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Being the right fit for the job doesn’t only mean having sufficient skills and experience to do the job, it also refers to not being overqualified — that is having higher qualifications, expectations and ambition than what the job can offer.
Employers are often concerned about hiring someone who is overqualified for several reasons: long-term retention, ability to be a team player and employee satisfaction, among others. But not all job candidates who are deemed overqualified actually are. In their efforts to introduce themselves as super candidates, many may be carried away in playing up their experience for that purpose to the extent that they exclude themselves.
To avoid upselling yourself, look out for these common mistakes that may make you appear overqualified for the job.
Be truthful about your previous role. For example, if you collaborated with others on a project, don’t say you led it. Similarly, if you helped training others, it doesn’t mean you were more senior to them.
Although it is always advisable to use power verbs that demonstrate the importance of your previous job tasks, playing up your experience beyond its actual scope could hurt your future prospects in getting a job — other than it can discredit you if busted by a reference or a coworker who is familiar with the exact nature of your previous job.
Fitting for a higher role
It is not an uncommon strategy that you use your past experience in an attempt to justify a better title or more pay early on in the process. The problem with that approach is that you’re telling the employer that you’re not the right fit for the job — you’re better. In addition, you’re expecting the employer to make compromises for you. Again, that strategy may work if you use it at the right time, which is typically at the phase of negotiating a job offer. However, if you push it early in your initial application or the job interview, you simply may get yourself excluded for appearing to have higher expectations than what the job offers.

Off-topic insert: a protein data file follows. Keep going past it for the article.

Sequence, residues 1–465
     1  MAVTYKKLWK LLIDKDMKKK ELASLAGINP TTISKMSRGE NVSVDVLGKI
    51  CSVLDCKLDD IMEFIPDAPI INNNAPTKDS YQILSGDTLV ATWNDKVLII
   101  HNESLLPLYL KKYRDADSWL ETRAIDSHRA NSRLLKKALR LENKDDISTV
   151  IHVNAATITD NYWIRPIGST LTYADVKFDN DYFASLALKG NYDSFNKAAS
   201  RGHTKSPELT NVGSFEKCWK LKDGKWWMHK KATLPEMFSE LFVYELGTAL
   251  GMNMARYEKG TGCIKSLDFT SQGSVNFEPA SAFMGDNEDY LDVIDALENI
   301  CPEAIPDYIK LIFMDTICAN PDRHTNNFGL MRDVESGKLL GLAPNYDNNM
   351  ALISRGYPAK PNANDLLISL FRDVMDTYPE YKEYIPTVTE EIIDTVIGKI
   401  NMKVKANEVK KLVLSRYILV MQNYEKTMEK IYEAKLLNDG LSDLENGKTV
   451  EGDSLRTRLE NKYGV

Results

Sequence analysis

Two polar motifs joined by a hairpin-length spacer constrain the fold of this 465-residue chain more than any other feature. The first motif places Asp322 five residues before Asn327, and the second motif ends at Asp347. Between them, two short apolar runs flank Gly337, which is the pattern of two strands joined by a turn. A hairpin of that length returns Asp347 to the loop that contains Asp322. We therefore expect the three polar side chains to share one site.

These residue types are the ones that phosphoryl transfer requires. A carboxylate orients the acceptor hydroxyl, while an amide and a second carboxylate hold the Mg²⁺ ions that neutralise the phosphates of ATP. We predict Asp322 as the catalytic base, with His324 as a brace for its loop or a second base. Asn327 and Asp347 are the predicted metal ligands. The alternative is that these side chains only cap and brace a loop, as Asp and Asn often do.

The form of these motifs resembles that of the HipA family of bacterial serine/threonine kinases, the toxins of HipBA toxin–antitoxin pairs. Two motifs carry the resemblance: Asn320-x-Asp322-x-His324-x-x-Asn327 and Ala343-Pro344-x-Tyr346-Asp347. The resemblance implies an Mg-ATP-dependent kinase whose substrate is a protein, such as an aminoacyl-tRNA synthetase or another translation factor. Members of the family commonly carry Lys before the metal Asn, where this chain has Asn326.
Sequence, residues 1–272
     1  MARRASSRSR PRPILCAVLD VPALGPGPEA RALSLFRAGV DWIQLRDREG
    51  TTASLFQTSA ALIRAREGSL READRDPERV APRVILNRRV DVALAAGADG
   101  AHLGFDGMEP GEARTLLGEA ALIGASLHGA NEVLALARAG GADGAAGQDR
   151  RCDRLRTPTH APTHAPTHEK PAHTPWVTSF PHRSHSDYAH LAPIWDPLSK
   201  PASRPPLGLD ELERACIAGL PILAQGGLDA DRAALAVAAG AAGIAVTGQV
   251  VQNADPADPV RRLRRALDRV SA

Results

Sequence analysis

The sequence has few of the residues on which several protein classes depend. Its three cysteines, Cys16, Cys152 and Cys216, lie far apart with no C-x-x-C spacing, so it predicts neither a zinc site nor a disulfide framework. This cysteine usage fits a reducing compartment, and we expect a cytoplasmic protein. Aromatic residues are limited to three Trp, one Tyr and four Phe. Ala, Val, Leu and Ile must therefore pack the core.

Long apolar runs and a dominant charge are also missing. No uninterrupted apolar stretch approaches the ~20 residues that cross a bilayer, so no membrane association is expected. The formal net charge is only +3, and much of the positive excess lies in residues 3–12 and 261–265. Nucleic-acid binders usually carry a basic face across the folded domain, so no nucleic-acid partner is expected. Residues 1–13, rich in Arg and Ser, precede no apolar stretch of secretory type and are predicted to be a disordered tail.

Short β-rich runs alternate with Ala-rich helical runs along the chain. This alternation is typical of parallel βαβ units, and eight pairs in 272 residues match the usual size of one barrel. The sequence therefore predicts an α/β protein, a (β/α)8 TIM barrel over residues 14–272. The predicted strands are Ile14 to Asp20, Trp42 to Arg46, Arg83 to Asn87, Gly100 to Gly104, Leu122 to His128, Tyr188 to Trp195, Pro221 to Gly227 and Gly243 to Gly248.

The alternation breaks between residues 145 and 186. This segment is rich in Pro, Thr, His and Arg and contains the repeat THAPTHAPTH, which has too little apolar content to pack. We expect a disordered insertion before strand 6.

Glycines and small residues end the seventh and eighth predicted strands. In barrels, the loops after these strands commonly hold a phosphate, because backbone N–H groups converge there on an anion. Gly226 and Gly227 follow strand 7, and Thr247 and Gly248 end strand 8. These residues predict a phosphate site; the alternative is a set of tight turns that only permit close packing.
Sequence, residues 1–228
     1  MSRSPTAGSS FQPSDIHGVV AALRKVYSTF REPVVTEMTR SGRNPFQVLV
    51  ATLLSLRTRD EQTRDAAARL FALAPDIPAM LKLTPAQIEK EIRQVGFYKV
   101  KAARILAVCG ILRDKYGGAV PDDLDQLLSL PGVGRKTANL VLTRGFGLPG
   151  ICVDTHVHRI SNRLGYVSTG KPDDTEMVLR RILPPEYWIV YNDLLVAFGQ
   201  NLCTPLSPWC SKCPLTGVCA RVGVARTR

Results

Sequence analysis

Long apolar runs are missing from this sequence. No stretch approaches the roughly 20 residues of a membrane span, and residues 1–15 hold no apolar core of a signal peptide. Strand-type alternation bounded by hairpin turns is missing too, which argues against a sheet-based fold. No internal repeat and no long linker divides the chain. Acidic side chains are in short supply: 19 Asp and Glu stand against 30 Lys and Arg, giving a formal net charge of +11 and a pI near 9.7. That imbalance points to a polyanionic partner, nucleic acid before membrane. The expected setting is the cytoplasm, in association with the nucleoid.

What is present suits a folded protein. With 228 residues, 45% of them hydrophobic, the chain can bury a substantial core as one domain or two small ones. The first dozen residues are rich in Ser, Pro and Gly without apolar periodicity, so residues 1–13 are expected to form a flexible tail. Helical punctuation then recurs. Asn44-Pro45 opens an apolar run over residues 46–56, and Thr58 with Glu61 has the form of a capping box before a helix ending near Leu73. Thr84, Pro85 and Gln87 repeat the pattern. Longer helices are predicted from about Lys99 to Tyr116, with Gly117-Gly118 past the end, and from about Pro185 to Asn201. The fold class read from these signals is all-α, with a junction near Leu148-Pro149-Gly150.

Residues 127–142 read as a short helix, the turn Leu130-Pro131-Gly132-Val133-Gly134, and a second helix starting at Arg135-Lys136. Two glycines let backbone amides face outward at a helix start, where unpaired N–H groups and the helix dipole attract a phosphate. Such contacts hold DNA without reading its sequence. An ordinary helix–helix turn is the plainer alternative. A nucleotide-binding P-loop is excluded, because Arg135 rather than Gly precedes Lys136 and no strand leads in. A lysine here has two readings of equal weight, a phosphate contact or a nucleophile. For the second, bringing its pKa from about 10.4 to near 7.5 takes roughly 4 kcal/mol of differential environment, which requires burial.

Keep in mind, don’t shoot for the title of your interviewer — your future supervisor. Doing so may make even the most secure boss uncomfortable. Think of in-between titles/positions. For example, between sales executive and sales manager, you may suggest: senior sales executive.
You may present the perfect credentials and experience for the job, but if you ask for too much financially you may be excluded — even if that is what you expect and you were paid before. Pay scales differ from one place to another, and having unrealistic expectations for the type of company you’re seeking a job with won’t help your case. That is why it is important to begin with researching the employer’s requirements and making sure that whatever financial package you ask for is reasonable.
A common question in many interviews is “what would you do to improve a certain area of the job?” If your answer is aggressive and critical in a way that insults those who work there, you may be simply presenting yourself as an know-it-all who will be hard to control and function well within a team. Even if your tone isn’t aggressive, if your ideas are to overhaul everything unnecessarily, you may appear as someone who only work within familiar settings and won’t adjust well
Generally, always try to present your ideas within the scope of responsibility and work duties that the job offers. With doing that, you will be sure that you present yourself as the right match for this particular job. If you know that you’re not, you then would better wait for the right opportunity.
Taken as overqualified
- Check if you’ve played up your past experience
- Don’t negotiate title and money too early
- Give a realistic salary expectation
- Be constructive about improving existing operations
Source: Rania Oteify, Special to Gulf News